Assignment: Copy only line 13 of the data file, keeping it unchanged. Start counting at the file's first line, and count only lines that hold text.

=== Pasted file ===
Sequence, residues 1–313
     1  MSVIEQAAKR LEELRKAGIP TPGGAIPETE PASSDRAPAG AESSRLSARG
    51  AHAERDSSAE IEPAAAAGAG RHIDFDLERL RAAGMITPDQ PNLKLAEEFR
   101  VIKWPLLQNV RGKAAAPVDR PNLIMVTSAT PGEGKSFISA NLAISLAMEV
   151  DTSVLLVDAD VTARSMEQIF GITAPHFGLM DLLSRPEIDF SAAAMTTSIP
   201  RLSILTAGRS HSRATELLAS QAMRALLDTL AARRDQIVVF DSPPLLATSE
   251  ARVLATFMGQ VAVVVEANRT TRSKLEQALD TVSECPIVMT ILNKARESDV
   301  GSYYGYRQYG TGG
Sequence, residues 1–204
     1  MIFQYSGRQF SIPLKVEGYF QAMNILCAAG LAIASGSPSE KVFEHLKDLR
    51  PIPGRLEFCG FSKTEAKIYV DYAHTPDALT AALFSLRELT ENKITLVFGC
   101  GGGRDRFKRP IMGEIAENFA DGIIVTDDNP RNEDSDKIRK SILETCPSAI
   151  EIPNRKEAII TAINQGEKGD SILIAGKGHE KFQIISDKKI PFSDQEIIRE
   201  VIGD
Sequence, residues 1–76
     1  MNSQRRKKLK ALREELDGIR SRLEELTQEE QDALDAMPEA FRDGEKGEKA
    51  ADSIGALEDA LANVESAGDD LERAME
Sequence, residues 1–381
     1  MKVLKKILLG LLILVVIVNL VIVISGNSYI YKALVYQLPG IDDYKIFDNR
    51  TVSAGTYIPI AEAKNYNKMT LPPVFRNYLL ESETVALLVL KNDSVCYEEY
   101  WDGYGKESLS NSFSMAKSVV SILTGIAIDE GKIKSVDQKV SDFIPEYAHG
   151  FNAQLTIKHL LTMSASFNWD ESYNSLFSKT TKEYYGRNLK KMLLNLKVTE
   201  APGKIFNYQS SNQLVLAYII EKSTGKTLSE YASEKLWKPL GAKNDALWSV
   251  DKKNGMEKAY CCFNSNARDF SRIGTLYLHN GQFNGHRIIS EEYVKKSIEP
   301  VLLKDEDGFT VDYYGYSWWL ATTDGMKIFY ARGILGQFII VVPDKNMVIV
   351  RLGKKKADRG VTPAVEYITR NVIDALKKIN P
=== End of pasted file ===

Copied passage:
   151  EIPNRKEAII TAINQGEKGD SILIAGKGHE KFQIISDKKI PFSDQEIIRE